At the beginning of every day, the phone starts to ring, waiting for a contact center agent to quickly pick up the call and resolve an issue a customer is experiencing. Sometimes, the experience goes smoothly where the customer is grateful for how the agent addressed his or her concern. But when a customer remains unsatisfied, he or she may request to speak to a supervisor.
Here’s where the story reveals an industry secret – the “supervisor” whom the customer requested generally will not be a supervisor at all. Instead, it’s a more experienced agent called a second tier or tier 2 customer service agent.
For customers at home, they might not realize that there are roughly 15-20 frontline agents for every supervisor. When it comes to customer support, that supervisor cannot accommodate all of the escalation requests. So second tier agents, equipped to handle these requests, swoop in to try to solve customers’ issues before the supervisor gets involved. But if two levels of agents fail to satisfy customers’ requests, only then will they get to speak to a true supervisor.
Depending on the customer, he or she may interact with one, two, or all three levels of customer support. And each level requires different skills and job experience. So what determines how many contact center employees a customer will interact with? Let’s first understand the functions and skillsets of each level to determine what types of requests each tier will handle.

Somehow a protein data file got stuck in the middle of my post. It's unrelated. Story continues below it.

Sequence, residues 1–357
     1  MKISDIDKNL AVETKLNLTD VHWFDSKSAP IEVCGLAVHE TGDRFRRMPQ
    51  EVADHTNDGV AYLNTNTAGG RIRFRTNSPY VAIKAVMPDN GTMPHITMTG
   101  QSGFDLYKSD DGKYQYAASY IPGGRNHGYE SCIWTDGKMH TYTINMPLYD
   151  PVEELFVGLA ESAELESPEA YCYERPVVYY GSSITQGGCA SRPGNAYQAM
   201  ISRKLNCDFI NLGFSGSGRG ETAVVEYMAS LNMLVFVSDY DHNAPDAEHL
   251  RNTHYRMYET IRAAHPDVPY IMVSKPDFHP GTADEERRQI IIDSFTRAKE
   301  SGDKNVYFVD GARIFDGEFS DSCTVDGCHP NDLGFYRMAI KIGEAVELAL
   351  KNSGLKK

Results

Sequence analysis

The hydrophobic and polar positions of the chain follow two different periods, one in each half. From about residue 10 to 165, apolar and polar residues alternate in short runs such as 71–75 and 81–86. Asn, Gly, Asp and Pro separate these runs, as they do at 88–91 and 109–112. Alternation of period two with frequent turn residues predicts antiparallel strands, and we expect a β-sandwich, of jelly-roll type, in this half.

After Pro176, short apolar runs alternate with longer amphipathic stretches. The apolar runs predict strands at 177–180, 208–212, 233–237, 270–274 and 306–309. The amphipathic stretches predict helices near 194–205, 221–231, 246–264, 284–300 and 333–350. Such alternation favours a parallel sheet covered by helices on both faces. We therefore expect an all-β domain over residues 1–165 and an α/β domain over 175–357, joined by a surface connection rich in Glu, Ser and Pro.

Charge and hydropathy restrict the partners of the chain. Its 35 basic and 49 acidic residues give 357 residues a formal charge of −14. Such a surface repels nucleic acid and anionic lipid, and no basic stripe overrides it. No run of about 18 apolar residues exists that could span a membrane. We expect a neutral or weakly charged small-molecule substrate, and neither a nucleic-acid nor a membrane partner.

Frontline agents are the largest of all customer support tiers and handle a wide variety of requests. Customer requests range from answering straightforward questions to sending customers’ a copy of their flight schedule; therefore, frontline agents require a broad skillset to answer a multitude of basic questions and requests.
While it might not seem like a difficult job providing the most basic level of customer support, these frontline agents are customers’ first impressions of your contact center. So as soon as a customer calls, based on their call type and where it’s routed, that frontline agent is the first to handle the call. These frontline agents must be able to communicate efficiently and effectively, have the necessary computer skills to use your company’s contact center software, know the answers to the most commonly asked questions and requests, and identify when to escalate a call.
Since these frontline agents’ skillsets are more wide than deep, they sometimes find it difficult to resolve certain customer complaints. Whenever a complaint occurs that is outside of the scope of the frontline agent, the second tier agent steps in to resolve the issue.
Second Tier Agents
One level above the frontline agents are known as “second tier agents.” Calls escalate to second tier agents due to various reasons ranging from frontline agents’ lack of knowledge (including technical requests) or poor behavior/communication (such as declining a customer request without a reason as to why) to the caller’s expectations not being met.